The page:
Monsieur Poirot is pondering a vexing forensic problem in the heart of old Amsterdam: how might whipped cream be made to melt very slowly into a hot velvet crab bisque? Not that Poirot; Aurélien Poirot, chef de cuisine at Bridges Restaurant near Dam Square, and one of a handful inspiring a renaissance in Dutch cooking. Combine that with a flowering of boutique hotels around the canal district, and one would have had powerful reason to visit Amsterdam last year – but for one thing: through a lack of co-ordination that has astounded citizens and would have aroused the suspicions of Agatha Christie’s legendary detective, many of the city’s important museums and galleries closed simultaneously for restoration. Happily, that situation is set to improve, with almost all due to reopen at various points this year and in early 2013.
Crookedly beautiful architecture, canal cruises and a tolerant environment; to which add superb art, hip hotels and some serious culinary engineering. Who needs Dutch courage? These days, Amsterdam’s multilingual hospitality is complemented by fast rail links that bring it within easy reach of anywhere in northern Europe. By Eurostar from London, with a platform change in Brussels, it’s less than five hours city centre to city centre. Nor is there any shortage of flights into Schiphol, 20 minutes away. On arrival, almost everything in Amsterdam is within walking distance – if one can avoid being run over by cyclists.
Where to visit is a less straightforward matter, one being spoilt for choice. The most interesting shopping and vivacious café life is still found along De Negen Straatjes, the nine streets that radiate outwards across the concentric horseshoe of canals lined with narrow 17th- and 18th-century houses. Each street has its own character; specialisations are to be found hereabouts, two of my favourite boutiques on Runstraat being a vendor of vintage bow ties next door to De Witte Tandenwinkel (The White Teeth Shop), a place selling only toothbrushes. Less manicured is the Jordaan district to the southwest around the Prinsengracht (the Prince’s canal), full of galleries and boho pubs known as brown cafés, distinguishing them from coffee shops wherein the smoking or eating of hash is licensed.
Youth culture is stalking the old centre around Dam Square, home to the Royal Palace and the overwrought gothic of the 17th-century Nieuwe Kerk. Nonetheless, the best business hotels are still located in the environs, enjoying Amsterdam’s ultimate luxury – space. Current favourite among them is the newly renovated Sofitel Legend The Grand, home to Monsieur Poirot and his Bridges Restaurant, and formerly the art-deco seat of the burgemeester (mayor). It still radiates Dutch atmosphere despite the Francophile influence, and many of the calm, modern rooms look out over canals.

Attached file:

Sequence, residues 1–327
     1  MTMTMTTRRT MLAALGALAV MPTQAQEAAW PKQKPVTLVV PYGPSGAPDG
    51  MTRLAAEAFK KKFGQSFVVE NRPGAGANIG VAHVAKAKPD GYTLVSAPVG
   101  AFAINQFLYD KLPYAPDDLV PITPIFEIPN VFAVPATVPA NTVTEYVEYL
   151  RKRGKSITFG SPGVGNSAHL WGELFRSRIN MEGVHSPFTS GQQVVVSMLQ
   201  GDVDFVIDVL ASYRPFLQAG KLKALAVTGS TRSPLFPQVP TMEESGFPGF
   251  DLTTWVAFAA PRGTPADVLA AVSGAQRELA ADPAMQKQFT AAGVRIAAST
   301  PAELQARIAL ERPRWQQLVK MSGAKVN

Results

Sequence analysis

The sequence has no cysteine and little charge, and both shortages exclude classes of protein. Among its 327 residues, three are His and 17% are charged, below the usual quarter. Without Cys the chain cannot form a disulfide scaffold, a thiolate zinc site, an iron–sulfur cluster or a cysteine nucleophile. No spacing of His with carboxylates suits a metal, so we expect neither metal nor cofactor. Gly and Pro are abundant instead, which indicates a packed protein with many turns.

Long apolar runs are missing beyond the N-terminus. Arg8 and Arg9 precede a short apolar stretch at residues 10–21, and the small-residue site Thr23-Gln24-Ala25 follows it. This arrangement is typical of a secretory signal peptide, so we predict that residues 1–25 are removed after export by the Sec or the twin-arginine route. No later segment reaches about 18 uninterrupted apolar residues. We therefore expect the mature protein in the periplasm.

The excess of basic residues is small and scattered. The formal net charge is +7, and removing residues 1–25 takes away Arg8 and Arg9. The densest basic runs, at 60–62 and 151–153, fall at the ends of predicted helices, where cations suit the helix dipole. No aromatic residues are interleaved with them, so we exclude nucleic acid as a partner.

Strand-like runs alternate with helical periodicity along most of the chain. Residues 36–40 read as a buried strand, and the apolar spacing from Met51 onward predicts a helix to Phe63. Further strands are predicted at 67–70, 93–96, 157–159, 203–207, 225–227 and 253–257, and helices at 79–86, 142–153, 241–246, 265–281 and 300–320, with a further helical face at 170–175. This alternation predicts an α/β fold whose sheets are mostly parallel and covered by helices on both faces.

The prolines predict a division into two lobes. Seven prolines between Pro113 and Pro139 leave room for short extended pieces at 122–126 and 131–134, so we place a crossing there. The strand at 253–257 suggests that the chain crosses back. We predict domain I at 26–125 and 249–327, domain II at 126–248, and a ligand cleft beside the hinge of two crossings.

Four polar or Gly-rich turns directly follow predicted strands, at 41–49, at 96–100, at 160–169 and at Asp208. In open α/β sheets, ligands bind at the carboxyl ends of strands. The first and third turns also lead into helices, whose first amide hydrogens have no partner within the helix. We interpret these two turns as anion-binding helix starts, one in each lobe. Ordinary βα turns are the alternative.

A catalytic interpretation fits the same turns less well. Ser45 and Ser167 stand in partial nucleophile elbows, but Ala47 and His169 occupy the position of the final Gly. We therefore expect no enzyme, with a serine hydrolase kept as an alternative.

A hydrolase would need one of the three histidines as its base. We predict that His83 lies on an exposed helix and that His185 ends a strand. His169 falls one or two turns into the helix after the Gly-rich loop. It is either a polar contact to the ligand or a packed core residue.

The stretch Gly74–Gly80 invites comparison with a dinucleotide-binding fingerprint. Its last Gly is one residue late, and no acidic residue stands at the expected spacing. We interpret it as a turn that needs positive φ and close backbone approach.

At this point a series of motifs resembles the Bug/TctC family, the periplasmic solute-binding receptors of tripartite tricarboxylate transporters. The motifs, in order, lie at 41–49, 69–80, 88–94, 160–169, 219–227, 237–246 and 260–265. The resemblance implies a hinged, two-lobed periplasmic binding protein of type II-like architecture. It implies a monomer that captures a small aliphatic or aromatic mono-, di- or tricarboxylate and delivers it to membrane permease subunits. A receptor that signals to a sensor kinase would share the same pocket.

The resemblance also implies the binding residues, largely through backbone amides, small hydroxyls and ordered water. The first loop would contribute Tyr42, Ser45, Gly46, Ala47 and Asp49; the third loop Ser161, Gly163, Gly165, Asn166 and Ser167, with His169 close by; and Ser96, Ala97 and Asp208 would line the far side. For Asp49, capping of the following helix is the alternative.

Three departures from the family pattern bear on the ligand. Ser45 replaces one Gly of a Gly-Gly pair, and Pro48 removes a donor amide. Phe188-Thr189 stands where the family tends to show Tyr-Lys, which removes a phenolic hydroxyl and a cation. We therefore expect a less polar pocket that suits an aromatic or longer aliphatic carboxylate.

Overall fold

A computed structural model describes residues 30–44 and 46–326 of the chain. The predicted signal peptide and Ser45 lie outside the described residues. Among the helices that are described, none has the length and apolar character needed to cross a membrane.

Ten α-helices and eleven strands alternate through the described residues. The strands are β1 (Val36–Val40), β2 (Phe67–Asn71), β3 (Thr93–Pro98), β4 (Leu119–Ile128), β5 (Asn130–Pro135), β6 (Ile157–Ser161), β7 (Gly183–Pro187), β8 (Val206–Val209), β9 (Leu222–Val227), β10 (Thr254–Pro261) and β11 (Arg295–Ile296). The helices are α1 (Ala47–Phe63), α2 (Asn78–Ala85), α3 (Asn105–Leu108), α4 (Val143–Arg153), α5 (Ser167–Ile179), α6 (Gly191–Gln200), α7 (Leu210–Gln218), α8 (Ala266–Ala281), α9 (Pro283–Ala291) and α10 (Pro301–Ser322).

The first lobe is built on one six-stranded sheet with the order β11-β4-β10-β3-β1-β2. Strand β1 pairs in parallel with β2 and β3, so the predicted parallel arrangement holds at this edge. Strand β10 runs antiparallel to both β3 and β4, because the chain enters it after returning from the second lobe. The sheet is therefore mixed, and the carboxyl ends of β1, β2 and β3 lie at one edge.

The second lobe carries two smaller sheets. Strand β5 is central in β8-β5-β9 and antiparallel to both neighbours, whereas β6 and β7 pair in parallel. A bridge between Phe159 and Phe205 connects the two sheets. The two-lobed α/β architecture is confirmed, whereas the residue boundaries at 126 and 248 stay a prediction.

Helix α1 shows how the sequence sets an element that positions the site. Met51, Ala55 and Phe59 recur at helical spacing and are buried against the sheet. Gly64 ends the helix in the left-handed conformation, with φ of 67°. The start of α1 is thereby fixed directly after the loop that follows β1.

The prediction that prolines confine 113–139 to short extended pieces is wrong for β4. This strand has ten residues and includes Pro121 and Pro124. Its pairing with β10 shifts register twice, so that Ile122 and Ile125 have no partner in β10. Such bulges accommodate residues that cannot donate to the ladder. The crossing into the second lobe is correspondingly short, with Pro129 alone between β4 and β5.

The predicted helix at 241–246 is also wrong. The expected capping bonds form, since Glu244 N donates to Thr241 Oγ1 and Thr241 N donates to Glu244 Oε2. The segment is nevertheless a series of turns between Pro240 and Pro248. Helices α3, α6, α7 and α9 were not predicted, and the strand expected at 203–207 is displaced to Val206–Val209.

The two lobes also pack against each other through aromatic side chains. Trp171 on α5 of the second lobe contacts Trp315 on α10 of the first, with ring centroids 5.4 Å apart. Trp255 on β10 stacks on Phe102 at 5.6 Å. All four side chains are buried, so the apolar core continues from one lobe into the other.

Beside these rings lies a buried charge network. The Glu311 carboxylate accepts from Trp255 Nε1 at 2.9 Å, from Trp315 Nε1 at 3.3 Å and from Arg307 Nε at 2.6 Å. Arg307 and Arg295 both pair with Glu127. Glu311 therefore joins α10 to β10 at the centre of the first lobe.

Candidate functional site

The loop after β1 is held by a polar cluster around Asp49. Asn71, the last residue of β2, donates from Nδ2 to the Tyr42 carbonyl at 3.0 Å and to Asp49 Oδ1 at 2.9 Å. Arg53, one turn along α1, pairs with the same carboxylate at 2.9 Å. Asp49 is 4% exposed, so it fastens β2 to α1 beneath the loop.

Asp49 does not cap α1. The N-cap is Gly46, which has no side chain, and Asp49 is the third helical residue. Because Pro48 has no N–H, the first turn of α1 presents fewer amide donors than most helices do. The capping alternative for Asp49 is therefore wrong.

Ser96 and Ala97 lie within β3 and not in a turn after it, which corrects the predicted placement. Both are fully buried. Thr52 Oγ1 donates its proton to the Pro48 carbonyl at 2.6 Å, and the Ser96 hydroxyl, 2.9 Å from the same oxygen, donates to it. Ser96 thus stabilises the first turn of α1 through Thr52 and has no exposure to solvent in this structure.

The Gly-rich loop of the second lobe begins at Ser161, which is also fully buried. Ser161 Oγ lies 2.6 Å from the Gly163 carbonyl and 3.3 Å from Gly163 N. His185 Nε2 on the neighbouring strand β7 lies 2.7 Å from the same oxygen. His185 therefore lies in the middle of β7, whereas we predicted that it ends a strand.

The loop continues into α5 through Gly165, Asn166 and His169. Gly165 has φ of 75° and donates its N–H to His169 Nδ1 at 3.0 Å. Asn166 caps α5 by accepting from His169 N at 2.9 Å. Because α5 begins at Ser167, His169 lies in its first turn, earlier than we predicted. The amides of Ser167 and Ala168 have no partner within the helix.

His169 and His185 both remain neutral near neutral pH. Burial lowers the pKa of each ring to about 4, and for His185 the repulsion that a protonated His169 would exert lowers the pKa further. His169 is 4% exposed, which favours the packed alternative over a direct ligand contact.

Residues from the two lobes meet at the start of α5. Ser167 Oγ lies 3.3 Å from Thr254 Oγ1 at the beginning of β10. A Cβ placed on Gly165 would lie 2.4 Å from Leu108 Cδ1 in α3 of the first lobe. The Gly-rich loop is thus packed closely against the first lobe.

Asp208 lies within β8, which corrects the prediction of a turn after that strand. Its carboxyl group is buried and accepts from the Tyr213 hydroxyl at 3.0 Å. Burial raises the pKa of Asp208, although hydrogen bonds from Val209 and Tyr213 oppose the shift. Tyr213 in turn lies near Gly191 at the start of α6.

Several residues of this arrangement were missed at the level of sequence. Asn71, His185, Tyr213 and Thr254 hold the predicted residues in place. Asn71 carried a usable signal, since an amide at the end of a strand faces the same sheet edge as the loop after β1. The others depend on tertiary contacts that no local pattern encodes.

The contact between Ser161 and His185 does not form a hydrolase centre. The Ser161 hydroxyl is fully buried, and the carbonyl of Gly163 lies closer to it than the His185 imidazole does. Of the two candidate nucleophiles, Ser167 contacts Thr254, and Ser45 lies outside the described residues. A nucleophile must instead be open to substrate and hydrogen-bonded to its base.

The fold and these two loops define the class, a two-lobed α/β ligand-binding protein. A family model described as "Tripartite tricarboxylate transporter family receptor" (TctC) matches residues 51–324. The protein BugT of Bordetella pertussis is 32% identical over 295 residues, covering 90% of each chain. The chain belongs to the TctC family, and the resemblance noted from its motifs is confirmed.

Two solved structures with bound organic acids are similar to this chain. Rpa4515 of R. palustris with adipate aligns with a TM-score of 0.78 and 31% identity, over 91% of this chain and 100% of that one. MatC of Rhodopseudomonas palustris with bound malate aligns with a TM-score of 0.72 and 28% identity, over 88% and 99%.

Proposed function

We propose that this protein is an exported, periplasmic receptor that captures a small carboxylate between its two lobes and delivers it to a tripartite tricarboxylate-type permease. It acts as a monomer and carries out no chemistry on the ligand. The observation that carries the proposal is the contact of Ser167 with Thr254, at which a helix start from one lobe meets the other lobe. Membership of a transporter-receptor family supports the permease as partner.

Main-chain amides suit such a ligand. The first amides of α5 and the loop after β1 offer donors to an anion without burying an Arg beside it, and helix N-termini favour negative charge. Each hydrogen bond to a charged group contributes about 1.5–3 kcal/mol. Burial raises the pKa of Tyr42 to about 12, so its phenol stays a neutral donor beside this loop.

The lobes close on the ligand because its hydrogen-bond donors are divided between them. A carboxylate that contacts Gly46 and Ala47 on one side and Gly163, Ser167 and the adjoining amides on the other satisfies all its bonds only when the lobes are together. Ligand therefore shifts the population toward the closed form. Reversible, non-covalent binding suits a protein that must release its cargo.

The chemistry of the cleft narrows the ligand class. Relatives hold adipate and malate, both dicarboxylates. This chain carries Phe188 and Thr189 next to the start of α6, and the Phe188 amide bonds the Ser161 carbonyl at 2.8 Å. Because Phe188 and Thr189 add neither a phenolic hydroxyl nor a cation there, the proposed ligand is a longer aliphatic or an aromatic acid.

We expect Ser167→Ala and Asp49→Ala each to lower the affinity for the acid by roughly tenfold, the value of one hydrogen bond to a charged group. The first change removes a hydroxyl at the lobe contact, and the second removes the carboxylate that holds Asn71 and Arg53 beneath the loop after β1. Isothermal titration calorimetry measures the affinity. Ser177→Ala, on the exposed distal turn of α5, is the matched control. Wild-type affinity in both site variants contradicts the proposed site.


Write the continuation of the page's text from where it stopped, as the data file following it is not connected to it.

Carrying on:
Meanwhile, the imagination of long-weekenders is focused on two hip boutique hotels. The Dylan must still surely qualify as the most adventurous stay in Amsterdam, with its cool interior design. The rooms in the three adjoining canal houses range from romantically cosy to luminously spacious – try the all-white attic serenity of a loft suite. Chef Dennis Kuipers’ Vinkeles restaurant has been starred by Michelin for its delicate French dishes. Further north on the Keizersgracht, the Canal House hotel by Jessica Sainsbury’s Curious Group features an edgy confluence of laid-back flair and chic design. Like The Dylan, it comprises three 17th-century merchants’ houses and a courtyard garden with a gazebo for romantic dinners. The 23 guestrooms are decorated from the rich palette of the Flemish masters. Not all are equal, but those overlooking the canal are worth the premium. Others are accessed via the kitchen – an interesting detour, given the experimental European menu.
A long-standing favourite for romantic assignations is Seven One Seven, an eccentric luxury B&B in a discreet canalside location to the east, at Prinsengracht 717. This exclusive guesthouse was the 19th-century residence of an art collector of unexpurgated tastes; nine spacious rooms are named for his artistic preferences.